The Heart of the Matter

It seems you can’t turn on the news without hearing about heart disease.  Everyone is aware that humans are at risk for cardiovascular disease, but most cat owners probably don’t realize that cardiovascular diseases are common disorders in cats. In fact, disorders of the myocardium (heart muscle) are the major cause of heart failure in cats.  The most commonly seen cardiovascular disease in cats is hypertrophic cardiomyopathy (HCM).

The heart has four chambers that pump blood.  The normal thickness values of the walls of the heart have been measured and charted, and are very familiar to veterinary cardiologists.  In cats suffering from HCM, the walls of the heart become progressively thicker, with one particular chamber, the left ventricle, usually becoming the most affected.  The left ventricle pumps blood out through the aorta to the rest of the body.  When the left ventricle becomes thickened, it cannot hold as much blood.  Imagine the walls of a coffee mug becoming thicker and thicker, growing inward.  It would hold less and less coffee.  Such is the case with HCM.

As the left ventricle becomes thicker over time, other complications can arise.  The left atrium is the chamber directly above the left ventricle, and it supplies blood to the ventricle, which then sends it to the rest of the body.  As the left ventricle becomes thicker and stiffer, it becomes more difficult for the atrium to push blood into the ventricle.  As the atrium strains to do this, it becomes larger and larger.  Once the atrium stretches out, it causes the valve between the atrium and ventricle to malfunction.  Pressure eventually builds up in the left atrium, and this pressure can be transmitted to the lungs, resulting in fluid retention in the lungs and congestive heart failure.

HCM can strike any breed of cat, but Maine Coons are predisposed to the disorder. For years, the genetic cause of HCM in this breed was a mystery.  In 2005, however, the reason was discovered: a mutation in the gene that codes for a protein, called “myosin-binding protein C” (abbreviated MYBPC3).  Mutations in MYBPC3 are the most common cause of hereditary HCM in people, but a genetic mutation causing any type of heart disease in a cat had never been reported until that study was published.

The prevalence of HCM in cats has been reported to be anywhere from 1.6% to 8.3%, depending on the population evaluated and the method of diagnosis. The prevalence of HCM in the Maine Coon cat population is not known, but recently, a study was performed to determine the percentage of cats worldwide with this worrisome mutation.

DNA (either blood or a cheek swab) samples were submitted to the Veterinary Cardiac Genetics Laboratory at Washington State University.  Samples came from both clinically normal cats as well as cats known to have HCM.  A total of 3,310 samples, from 21 different countries, were submitted.  At least 17 different breeds were represented.  Maine Coons accounted for 100% of all of the positive samples; no other breed tested positive for the MYBPC3 mutation.  Of the 3,238 samples from Maine Coons, 1089 tested positive for the mutation. In other words, the overall worldwide percentage of Maine Coon cats with the mutation was 34%.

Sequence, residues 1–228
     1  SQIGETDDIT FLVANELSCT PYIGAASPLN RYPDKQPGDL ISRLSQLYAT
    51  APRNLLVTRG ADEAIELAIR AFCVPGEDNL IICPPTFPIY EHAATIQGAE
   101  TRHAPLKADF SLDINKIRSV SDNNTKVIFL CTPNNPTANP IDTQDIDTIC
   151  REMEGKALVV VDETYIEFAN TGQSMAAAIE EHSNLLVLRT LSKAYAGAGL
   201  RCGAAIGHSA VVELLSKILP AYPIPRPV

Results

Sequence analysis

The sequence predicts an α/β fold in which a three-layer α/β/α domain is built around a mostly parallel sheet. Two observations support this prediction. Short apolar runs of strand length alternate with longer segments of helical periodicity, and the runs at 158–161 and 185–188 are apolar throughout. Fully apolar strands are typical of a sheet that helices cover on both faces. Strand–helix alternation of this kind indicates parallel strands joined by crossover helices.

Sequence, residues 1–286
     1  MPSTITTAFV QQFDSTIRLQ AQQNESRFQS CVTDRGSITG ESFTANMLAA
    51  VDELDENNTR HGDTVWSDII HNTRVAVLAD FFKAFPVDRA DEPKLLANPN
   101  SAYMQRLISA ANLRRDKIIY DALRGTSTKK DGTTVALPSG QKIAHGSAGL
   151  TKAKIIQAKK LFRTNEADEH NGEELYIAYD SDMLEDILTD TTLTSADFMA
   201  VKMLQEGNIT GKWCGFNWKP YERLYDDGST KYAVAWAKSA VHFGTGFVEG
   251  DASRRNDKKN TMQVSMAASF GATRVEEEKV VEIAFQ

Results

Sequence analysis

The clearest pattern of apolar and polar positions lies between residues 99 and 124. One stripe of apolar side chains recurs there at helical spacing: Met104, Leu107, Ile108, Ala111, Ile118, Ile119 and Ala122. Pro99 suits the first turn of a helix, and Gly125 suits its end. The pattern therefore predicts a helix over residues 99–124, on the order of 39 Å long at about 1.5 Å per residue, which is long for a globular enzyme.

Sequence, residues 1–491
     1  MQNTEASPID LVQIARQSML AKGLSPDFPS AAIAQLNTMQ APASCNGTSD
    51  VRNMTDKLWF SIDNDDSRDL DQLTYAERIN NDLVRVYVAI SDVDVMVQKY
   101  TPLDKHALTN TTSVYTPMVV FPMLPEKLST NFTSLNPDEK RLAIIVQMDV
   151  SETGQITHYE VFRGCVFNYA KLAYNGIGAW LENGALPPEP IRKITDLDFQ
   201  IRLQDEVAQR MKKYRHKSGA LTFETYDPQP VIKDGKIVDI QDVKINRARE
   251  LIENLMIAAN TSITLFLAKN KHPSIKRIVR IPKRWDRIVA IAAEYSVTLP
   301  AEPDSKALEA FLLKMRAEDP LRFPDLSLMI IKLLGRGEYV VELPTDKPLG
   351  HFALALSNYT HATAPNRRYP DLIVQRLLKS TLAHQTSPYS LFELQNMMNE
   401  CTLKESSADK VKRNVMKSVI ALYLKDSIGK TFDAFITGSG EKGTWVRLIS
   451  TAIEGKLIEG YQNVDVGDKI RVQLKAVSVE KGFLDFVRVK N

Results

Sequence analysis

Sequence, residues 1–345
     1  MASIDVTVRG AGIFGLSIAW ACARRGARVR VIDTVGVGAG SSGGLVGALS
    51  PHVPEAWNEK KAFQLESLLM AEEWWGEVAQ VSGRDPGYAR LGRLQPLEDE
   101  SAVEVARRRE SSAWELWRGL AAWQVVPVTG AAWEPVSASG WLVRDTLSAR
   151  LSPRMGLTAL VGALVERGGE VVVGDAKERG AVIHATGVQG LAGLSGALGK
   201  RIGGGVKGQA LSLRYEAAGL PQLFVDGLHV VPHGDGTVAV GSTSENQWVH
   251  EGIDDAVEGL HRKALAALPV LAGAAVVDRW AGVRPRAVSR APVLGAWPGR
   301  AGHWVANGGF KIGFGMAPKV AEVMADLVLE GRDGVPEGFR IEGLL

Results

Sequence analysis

Genes come in pairs.  Only one gene in a pair may be affected by a mutation, or both genes may be affected.  When one gene is affected, we say that the cat is “heterozygous” for the mutation.  When both genes in the pair are affected, the cat is termed “homozygous” for the mutation.  Of the 1,089 Maine Coon cats that tested positive, 91% were heterozygous for the mutation.  Only 9% had the mutation in both copies of the gene.

So what does this mean for Maine Coon owners and breeders? Clearly, the MYBPC3 gene mutation appears to be specific to Maine Coons only, and at 34%, is fairly prevalent within the Maine Coon cat population.  Does testing positive for the gene mean that the cat will develop HCM?  In this prevalence study, the authors did not attempt to correlate the presence of the gene with the development of HCM, however, it seems clear that not all cats that test positive for the MYBPC3 mutation will go on to develop HCM. Also, in the original study that identified the mutation that causes HCM in Maine Coons, cats that were homozygous for the mutation (both genes in the pair affected) developed severe disease, with most dying before the age of 4, whereas 3 out of 10 Maine Coons that were heterozygous for the mutation (one gene in the pair affected) had moderate disease and were still alive at 8 to 12 years of age.

For Maine Coon breeders, the development of the test is a major breakthrough.  The mean age at diagnosis of cats with HCM is 5.9 years.  The data we have so far do not yet indicate the percentage of cats with the mutation that do go on to develop clinical HCM, nor do they tell us what percentage of cats without the mutation go on to develop HCM.  Because cats with the MYBPC3 gene are believed to be more likely to develop clinical HCM than negative cats, these cats should be evaluated periodically by a veterinary cardiologist to see if HCM is developing. From a breeding perspective, having this genetic test affords an opportunity to detect cats with the mutation years before they develop HCM, and would allow selective breeding programs aimed at eliminating the gene from the population.


Maine Coons with the MYBPC3 mutation are believed to be more likely to develop HCM than if they did not have the mutation.

Maine Coons with the mutation affecting both copies of the gene tend to have more severe disease compared with Maine Coons having the mutation affecting only one gene in the pair

Not all Maine Coons with the mutation will develop HCM

Non-Coons that develop HCM do not have the MYBPC3 mutation; this mutation is only present in Maine Coons.

Whether Maine Coons that test negative for the mutation can go on to develop HCM is not known at this time.